Professor Brett Arenz was born in Dundee, Scotland. He earned a BS at Bemidji State University and MS and PhD degrees in plant pathology at the University of Minnesota. In 2014, he was hired as a teaching assistant professor of plant pathology at the University of Minnesota to expand undergraduate teaching and to support undergraduate and graduate majors through classroom teaching and experiential learning. Arenz is a committed and innovative instructor and an educational leader who embodies society's commitment to educational excellence.
At the University of Minnesota, Arenz has taught six different undergraduate courses and three different graduate courses; he conceived of and developed several of the courses himself. Among his courses are undergraduate classes that build awareness of plant pathology, capturing students' imagination while accurately reflecting our science. His blockbuster class “Plague, Famine, and Beer" explores the impacts of microbes on human health (plague), food security (famine), and well-being (beer). Arenz designed this class to align with the University of Minnesota's liberal education requirements, and his course received the official “historical perspectives" designation. Arenz also designed and teaches the Honors College seminar “Science Fiction and Biology," which uses science fiction film and literature as a basis for exploring biological functions, processes, and structures. The class engages students from the starting point of pop culture but extends that interest into diverse aspects of biology. Arenz has also taught key courses required of undergraduate plant science majors and plant pathology MS and PhD students. These include the undergraduate courses “Insects, Plants, and Microbes" and “Pest and Crop Protection" and the graduate courses “Principles of Plant Pathology" (a capstone course), “Field Plant Pathology" (an experiential course providing real-world disease management training), and “Introduction to Fungal Biology." Arenz is consistently singled out by students and peers as an excellent, creative, and dedicated instructor.
Arenz brings passion and modern pedagogy to each of his classes. Especially noteworthy, he led the adoption of online teaching by faculty of the Department of Plant Pathology, which has revolutionized the teaching portfolio and introduced new groups of students to plant pathology. For example, “Plague, Famine, and Beer" started as a traditional in-person course with 11 students, mostly from the College of Food, Agricultural, and Natural Resource Sciences (CFANS). In 2018, after it was established as an online course, class enrollment was capped at 175 and the class filled to capacity almost immediately. Importantly, participation in the online course has extended far beyond the college. Today, approximately one-third of the students come from CFANS and the remainder come from every corner of the University of Minnesota. Students from the School of Nursing, the College of Engineering, and the College of Liberal Arts are all well represented in this class. In the course, students investigate primary historic source material directly using digital archives. They analyze original letters and papers from figures such as Leeuwenhoek, Lister, and Pasteur to understand the progression and importance of the discipline of microbiology. Many students rate “Plague, Famine, and Beer" as one of the best courses they have taken.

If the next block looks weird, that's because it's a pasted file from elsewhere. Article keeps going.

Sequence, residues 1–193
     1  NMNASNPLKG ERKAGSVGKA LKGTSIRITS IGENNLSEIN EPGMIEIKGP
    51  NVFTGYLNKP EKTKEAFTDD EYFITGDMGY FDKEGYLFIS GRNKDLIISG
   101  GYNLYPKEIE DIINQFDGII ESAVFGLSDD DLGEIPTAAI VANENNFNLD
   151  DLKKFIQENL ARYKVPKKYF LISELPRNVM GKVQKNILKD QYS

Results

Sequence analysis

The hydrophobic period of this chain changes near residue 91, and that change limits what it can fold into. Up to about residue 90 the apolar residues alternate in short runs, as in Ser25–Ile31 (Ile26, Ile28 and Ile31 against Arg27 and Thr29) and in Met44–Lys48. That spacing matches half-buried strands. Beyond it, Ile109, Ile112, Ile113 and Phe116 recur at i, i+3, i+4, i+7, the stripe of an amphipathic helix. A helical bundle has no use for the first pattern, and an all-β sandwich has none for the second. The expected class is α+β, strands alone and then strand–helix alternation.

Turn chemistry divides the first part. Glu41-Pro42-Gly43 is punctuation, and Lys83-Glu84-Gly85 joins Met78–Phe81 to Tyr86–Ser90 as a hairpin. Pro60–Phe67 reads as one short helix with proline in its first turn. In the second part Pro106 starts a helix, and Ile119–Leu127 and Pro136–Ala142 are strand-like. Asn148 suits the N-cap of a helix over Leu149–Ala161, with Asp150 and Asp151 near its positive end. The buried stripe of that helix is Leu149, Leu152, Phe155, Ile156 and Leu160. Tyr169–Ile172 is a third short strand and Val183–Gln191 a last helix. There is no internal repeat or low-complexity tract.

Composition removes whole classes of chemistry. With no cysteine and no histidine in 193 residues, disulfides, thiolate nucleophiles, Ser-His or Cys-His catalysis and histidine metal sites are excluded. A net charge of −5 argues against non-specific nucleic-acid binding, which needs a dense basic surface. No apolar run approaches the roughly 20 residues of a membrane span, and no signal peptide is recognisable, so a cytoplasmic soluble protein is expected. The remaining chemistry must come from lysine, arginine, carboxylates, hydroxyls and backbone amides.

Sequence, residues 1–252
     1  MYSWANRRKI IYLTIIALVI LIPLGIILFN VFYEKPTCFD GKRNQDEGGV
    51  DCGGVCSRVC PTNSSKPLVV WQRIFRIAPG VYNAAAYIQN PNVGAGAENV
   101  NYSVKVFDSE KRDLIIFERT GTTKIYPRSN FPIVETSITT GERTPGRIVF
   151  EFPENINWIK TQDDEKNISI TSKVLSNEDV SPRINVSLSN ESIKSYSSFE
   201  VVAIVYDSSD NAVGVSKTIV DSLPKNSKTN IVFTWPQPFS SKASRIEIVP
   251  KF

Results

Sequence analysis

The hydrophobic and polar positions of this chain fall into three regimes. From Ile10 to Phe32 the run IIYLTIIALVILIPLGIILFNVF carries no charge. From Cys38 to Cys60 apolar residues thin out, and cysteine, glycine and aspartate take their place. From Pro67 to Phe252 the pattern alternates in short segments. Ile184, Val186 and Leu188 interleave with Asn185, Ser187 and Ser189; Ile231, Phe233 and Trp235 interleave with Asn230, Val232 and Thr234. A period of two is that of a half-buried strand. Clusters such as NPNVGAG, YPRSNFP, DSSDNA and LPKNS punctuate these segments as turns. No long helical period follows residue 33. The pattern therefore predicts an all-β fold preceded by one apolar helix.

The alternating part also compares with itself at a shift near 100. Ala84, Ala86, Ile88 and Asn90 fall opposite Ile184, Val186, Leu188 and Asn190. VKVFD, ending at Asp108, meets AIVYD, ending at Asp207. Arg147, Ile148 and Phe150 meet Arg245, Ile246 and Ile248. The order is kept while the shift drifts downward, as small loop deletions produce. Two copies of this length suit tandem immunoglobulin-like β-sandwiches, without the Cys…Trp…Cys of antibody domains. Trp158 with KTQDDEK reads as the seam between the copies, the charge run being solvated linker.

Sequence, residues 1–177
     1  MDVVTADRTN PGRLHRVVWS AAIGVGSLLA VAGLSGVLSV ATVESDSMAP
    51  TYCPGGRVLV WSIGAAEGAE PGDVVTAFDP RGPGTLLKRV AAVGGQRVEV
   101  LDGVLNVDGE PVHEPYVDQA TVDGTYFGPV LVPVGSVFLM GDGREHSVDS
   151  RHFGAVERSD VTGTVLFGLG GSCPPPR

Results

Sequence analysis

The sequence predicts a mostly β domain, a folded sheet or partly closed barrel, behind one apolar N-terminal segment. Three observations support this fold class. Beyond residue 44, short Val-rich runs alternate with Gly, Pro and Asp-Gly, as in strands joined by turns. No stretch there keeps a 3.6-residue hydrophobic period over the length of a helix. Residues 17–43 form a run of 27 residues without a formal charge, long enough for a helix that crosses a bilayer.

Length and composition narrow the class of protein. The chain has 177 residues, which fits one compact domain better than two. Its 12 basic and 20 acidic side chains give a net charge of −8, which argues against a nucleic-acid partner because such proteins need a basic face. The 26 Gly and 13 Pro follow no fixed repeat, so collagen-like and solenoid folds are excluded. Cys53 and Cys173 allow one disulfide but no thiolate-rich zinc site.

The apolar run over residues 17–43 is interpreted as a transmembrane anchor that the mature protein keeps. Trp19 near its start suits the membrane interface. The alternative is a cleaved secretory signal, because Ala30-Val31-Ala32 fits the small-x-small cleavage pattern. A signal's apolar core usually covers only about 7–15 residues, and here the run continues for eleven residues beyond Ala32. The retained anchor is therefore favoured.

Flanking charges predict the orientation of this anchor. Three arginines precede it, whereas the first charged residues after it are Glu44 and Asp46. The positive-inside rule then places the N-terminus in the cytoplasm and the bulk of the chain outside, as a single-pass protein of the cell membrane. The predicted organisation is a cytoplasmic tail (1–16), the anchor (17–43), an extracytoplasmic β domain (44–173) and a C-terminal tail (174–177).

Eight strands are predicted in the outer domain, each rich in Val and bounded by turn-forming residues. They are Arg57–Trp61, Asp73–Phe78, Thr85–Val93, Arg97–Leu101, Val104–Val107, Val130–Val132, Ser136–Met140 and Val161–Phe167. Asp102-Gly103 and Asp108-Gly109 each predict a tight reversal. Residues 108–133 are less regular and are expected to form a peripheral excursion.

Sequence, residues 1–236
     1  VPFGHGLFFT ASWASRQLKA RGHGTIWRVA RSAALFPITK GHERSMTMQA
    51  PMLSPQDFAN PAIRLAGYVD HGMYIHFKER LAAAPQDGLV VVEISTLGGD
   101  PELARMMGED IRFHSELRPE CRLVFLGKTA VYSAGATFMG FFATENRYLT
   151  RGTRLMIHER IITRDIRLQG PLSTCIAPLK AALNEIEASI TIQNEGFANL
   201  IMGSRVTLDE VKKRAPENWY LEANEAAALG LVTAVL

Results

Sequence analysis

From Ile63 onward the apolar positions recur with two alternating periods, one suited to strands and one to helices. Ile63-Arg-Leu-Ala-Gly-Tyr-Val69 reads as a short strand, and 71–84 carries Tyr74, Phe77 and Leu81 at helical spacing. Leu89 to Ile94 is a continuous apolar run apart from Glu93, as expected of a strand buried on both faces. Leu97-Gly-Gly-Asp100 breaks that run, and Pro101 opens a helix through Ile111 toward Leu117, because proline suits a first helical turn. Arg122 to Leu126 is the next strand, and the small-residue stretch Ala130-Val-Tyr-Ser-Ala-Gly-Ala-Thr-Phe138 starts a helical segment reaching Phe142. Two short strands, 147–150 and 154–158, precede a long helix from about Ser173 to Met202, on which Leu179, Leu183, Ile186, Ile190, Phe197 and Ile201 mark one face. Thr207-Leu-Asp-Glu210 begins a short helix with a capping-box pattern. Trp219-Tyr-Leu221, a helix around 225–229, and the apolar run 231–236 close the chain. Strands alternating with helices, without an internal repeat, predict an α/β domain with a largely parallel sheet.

As director of the Plant Disease Clinic, Arenz provides innovative, research-focused, experiential opportunities for undergraduate and graduate students. His efforts have had measurable impacts on students' career choices, with undergraduate advisees that engage in the Plant Disease Clinic frequently choosing graduate study in plant pathology. Across the board, student enrollment in Arenz's courses has been robust, and student and peer-instructor evaluations have indicated that he is clearly an outstanding teacher.
Arenz plays key leadership roles that expand the use of modern pedagogical approaches. Since 2012, he has served on the Plant Pathology Department Education Committee, and he has served as committee chair since 2016. This committee is at the forefront of improving the curriculum and evaluating teaching effectiveness. Arenz represents plant pathology on the collegiate Plant Science Major Coordinating Committee, was a founding member of the collegiate E-learning Committee, serves on the collegiate Online Faculty Support Task Force, and chairs the collegiate Curriculum Committee. Since 2015, he has served on the Training and Education Committee for the National Plant Diagnostic Network. As the first faculty to teach a fully online course in the Department of Plant Pathology, Arenz worked through the challenges of online delivery and now serves as a local expert.
Brett Arenz is an unusually talented and committed plant pathology instructor whose impacts have been numerous. In recognition of his talents, he was named a 2018 winner of CFANS Distinguished Undergraduate Teaching Award—a highly competitive honor. For his innovative teaching in plant pathology, his success in introducing a broad range of students to the discipline, and his commitment to modern pedagogy, Professor Brett Arenz is highly deserving of The American Phytopathological Society Excellence in Teaching Award.